How to keep a Python script output window open?

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Question :

How to keep a Python script output window open?

I have just started with Python. When I execute a python script file on Windows, the output window appears but instantaneously goes away. I need it to stay there so I can analyze my output. How can I keep it open?

Answer #1:

You have a few options:

  1. Run the program from an already-open terminal. Open a command prompt and type:

    python myscript.py
    

    For that to work you need the python executable in your path. Just check on how to edit environment variables on Windows, and add C:PYTHON26 (or whatever directory you installed python to).

    When the program ends, it’ll drop you back to the cmd prompt instead of closing the window.

  2. Add code to wait at the end of your script. For Python2, adding …

    raw_input()
    

    … at the end of the script makes it wait for the Enter key. That method is annoying because you have to modify the script, and have to remember removing it when you’re done. Specially annoying when testing other people’s scripts. For Python3, use input().

  3. Use an editor that pauses for you. Some editors prepared for python will automatically pause for you after execution. Other editors allow you to configure the command line it uses to run your program. I find it particularly useful to configure it as “python -i myscript.py” when running. That drops you to a python shell after the end of the program, with the program environment loaded, so you may further play with the variables and call functions and methods.

Answered By: nosklo

Answer #2:

cmd /k is the typical way to open any console application (not only Python) with a console window that will remain after the application closes. The easiest way I can think to do that, is to press Win+R, type cmd /k and then drag&drop the script you want to the Run dialog.

Answered By: tzot

Answer #3:

Start the script from already open cmd window or
at the end of script add something like this, in Python 2:

 raw_input("Press enter to exit ;)")

Or, in Python 3:

input("Press enter to exit ;)")
Answered By: Anurag Uniyal

Answer #4:

To keep your window open in case of exception (yet, while printing the exception)

Python 2

if __name__ == '__main__':
    try:
        ## your code, typically one function call
    except Exception:
        import sys
        print sys.exc_info()[0]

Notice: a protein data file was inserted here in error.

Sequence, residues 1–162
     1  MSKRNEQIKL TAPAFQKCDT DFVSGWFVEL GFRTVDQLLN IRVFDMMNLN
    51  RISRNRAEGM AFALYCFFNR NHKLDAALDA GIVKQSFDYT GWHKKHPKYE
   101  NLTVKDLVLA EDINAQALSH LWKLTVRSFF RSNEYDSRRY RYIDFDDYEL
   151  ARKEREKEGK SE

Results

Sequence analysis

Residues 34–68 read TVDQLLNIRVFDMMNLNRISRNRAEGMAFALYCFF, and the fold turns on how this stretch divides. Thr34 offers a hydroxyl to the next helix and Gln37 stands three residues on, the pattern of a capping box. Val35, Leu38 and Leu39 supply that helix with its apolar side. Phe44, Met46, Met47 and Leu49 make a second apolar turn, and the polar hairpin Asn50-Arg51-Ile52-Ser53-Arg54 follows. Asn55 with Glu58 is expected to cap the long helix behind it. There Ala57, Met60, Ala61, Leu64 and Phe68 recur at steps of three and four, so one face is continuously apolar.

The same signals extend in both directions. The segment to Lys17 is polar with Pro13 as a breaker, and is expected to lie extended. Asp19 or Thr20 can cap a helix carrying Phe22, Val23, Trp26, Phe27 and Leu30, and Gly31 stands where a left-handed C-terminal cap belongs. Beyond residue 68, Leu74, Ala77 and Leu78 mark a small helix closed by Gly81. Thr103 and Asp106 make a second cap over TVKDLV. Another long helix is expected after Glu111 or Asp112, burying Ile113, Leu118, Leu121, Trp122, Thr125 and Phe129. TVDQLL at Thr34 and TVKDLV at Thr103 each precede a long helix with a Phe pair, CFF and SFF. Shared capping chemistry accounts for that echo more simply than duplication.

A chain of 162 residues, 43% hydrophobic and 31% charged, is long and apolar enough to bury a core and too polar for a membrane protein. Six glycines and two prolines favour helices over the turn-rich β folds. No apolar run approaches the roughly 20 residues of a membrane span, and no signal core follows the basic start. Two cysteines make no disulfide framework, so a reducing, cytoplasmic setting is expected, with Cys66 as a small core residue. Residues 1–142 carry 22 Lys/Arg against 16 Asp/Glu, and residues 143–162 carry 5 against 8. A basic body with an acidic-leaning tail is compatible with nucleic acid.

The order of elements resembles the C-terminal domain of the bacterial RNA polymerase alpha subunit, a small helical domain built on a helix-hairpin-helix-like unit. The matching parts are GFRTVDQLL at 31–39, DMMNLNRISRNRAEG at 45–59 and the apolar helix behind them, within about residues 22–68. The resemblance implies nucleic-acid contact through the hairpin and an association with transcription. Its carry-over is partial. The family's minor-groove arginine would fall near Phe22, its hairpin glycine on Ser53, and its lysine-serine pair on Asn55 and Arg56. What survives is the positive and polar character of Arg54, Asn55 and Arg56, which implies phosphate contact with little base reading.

import traceback
        print traceback.format_exc()
        print "Press Enter to continue ..." 
        raw_input() 

To keep the window open in any case:

if __name__ == '__main__':
    try:
        ## your code, typically one function call
    except Exception:
        import sys
        print sys.exc_info()[0]
        import traceback
        print traceback.format_exc()
    finally:
        print "Press Enter to continue ..." 
        raw_input()

Python 3

For Python3 you’ll have to use input() in place of raw_input(), and of course adapt the print statements.

if __name__ == '__main__':
    try:
        ## your code, typically one function call
    except BaseException:
        import sys
        print(sys.exc_info()[0])
        import traceback
        print(traceback.format_exc())
        print("Press Enter to continue ...")
        input() 

To keep the window open in any case:

if __name__ == '__main__':
    try:
        ## your code, typically one function call
except BaseException:
    import sys
    print(sys.exc_info()[0])
    import traceback
    print(traceback.format_exc())
finally:
    print("Press Enter to continue ...")
    input()
Answered By: Antonio

Answer #5:

you can combine the answers before: (for Notepad++ User)

press F5 to run current script and type in command:

cmd /k python -i "$(FULL_CURRENT_PATH)"

in this way you stay in interactive mode after executing your Notepad++ python script and you are able to play around with your variables and so on 🙂

Answered By: feinmann

Answer #6:

Create a Windows batch file with these 2 lines:

python your-program.py

pause
Answered By: maurizio

Answer #7:

In python 2 you can do it with: raw_input()

>>print("Hello World!")    
>>raw_input('Waiting a key...')

In python 3 you can do it with: input()

>>print("Hello world!")    
>>input('Waiting a key...')

Also, you can do it with the time.sleep(time)

>>import time
>>print("The program will close in 5 seconds")
>>time.sleep(5)
Answered By: Brandon Aguilar

Answer #8:

Using atexit, you can pause the program right when it exits. If an error/exception is the reason for the exit, it will pause after printing the stacktrace.

import atexit

# Python 2 should use `raw_input` instead of `input`
atexit.register(input, 'Press Enter to continue...')

In my program, I put the call to atexit.register in the except clause, so that it will only pause if something went wrong.

if __name__ == "__main__":
    try:
        something_that_may_fail()

    except:
        # Register the pause.
        import atexit
        atexit.register(input, 'Press Enter to continue...')

        raise # Reraise the exception.
Answered By: leewz

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